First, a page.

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People Power: How to Measure It

Companies own their capital assets, but (obviously) not their employees. Yet people-powered business is more important every day. In this Harvard Business Review excerpt, two Boston Consulting Group experts outline a way to measure true performance.

We are hardly the first observers to note the measurement and management challenges posed by the increasingly people-heavy and capital-light nature of business. But in our view, most efforts to take account of this shift focus on the wrong things. For example, attempts have been made to "fix" the balance sheet by including intangible assets. While these attempts certainly have value, they miss a crucial point: The critical resource of most businesses is no longer capital—that is, assets that a company owns and utilizes at as high a level as possible. Rather, the critical resources are employees whom a company hires and must motivate and retain. The fact that companies don't own their employees, as they do their capital assets, is why methods for valuing "human capital" on balance sheets are so tortuous.

Focusing on intangible assets is troublesome for people businesses in other ways. Whereas the level and nature of traditional capital investment largely determine how productively employees can work, there is huge variation in employee performance at a people business—an investment bank, a hotel, an advertising agency—and the variation is completely independent of assets, tangible or intangible. And while the value employees create in some businesses does take the form of intangible assets—intellectual property, brands, and the like—most employees in people businesses create short-term value directly for customers, month for month and year for year, without the intermediary step of creating an intangible asset.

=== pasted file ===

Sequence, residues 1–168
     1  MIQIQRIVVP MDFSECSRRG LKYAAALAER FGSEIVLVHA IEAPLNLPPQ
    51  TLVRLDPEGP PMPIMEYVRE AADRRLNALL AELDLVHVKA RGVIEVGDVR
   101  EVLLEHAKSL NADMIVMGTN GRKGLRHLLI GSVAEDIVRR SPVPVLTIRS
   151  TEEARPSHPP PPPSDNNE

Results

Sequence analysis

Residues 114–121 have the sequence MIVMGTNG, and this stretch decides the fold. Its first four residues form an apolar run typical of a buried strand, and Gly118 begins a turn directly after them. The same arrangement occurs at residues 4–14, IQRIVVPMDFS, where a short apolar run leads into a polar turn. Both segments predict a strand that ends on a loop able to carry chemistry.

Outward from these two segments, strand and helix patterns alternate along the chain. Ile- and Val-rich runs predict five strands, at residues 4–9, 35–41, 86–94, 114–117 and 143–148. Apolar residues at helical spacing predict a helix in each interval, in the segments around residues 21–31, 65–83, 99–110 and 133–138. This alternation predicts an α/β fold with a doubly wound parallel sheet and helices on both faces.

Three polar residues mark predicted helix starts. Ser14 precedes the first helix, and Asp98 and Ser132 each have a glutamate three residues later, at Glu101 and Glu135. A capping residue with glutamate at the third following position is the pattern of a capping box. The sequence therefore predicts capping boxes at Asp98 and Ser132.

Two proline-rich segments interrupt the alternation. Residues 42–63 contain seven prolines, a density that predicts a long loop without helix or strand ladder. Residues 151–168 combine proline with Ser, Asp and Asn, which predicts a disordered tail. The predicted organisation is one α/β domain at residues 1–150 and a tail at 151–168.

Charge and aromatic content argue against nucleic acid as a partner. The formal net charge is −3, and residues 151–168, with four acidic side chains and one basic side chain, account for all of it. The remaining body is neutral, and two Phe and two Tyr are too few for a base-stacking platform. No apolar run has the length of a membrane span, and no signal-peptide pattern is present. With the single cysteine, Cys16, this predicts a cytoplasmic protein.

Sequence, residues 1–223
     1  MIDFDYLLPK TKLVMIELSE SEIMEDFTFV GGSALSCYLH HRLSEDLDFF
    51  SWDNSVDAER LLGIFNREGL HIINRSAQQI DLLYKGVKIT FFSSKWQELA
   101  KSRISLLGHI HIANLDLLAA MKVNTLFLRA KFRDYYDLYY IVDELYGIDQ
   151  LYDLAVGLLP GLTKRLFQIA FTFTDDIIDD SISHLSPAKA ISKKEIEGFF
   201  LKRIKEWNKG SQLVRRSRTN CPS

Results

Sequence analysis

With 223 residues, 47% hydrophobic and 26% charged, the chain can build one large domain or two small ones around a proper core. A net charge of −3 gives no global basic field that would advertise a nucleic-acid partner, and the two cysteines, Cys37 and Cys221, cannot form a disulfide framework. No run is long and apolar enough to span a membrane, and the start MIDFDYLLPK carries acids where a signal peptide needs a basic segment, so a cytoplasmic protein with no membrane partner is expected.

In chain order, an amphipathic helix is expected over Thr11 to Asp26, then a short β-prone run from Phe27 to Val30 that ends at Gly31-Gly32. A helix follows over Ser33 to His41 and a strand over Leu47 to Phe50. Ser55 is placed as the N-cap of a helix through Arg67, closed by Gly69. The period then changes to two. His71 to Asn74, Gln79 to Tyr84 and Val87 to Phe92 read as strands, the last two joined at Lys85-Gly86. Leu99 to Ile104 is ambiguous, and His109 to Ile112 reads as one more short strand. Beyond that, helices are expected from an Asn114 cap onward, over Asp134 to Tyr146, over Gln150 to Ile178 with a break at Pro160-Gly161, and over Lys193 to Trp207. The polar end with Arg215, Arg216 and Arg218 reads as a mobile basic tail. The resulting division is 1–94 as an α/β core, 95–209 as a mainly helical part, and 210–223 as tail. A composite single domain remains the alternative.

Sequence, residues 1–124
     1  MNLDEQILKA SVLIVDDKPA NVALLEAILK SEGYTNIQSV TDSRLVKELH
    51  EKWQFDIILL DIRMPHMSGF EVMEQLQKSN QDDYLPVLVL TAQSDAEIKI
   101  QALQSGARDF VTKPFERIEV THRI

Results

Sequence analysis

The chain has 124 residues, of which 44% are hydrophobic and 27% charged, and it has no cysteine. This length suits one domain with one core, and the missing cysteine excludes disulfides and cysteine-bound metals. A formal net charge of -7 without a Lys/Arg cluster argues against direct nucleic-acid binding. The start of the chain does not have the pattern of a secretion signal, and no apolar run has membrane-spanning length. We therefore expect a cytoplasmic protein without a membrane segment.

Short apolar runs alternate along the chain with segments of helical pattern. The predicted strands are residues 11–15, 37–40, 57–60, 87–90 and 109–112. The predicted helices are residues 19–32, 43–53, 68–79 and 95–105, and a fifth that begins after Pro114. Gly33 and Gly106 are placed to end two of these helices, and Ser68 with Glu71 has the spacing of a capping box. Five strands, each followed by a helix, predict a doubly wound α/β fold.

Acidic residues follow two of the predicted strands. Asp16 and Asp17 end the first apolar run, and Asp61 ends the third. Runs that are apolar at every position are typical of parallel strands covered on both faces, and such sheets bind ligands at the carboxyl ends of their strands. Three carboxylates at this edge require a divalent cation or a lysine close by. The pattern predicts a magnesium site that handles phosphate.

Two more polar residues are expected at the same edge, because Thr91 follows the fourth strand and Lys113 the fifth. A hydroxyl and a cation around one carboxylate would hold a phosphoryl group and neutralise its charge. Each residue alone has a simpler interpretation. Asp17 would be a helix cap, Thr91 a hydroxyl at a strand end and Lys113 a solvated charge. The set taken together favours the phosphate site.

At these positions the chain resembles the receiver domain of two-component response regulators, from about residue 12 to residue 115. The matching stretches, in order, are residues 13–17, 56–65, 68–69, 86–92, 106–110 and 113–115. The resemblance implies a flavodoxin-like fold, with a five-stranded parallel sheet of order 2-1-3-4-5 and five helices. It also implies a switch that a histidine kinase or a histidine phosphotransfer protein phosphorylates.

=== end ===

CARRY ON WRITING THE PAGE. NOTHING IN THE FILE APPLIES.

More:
At a certain point, struggling to make things fit into an existing model no longer makes sense. Liberated from the straitjacket of capital-oriented approaches, a people-intensive business can measure and manage performance by focusing on employees as employees, without having to pretend that they're "capital" or that their value comes entirely from the creation of intangible assets.

People-oriented measurement and management
So if you run a people business—or a company that includes one or more of them—how do you figure out your true performance? And once you know what it is, how do you enhance that performance operationally, reward it appropriately, price it advantageously, and, ultimately, transform it strategically?

The beauty of this approach is threefold.

Performance Measurement. You start with the right set of performance indicators. The ideal measures will highlight the major drivers of business results, alert you to emerging problems, and provide some hints about their causes. You can get this kind of information by relating performance to people employed rather than to capital employed. Fortunately, doing this is remarkably easy. You simply reinterpret economic profit—for example, EVA [economic value added] or CVA [cash value added]—so that it reveals the difference between employee productivity and employee cost rather than the difference between capital productivity and capital cost. In other words, you calculate economic profit using a people rather than a capital denominator.

The logic isn't complicated. You start with sales per employee and subtract supplier costs (including outsourced activities) per employee and capital costs (including depreciation and a capital charge to cover the cost of debt and equity) per employee. The remainder is a measure of employee productivity. Subtract employee costs per employee, and you have economic profit per employee.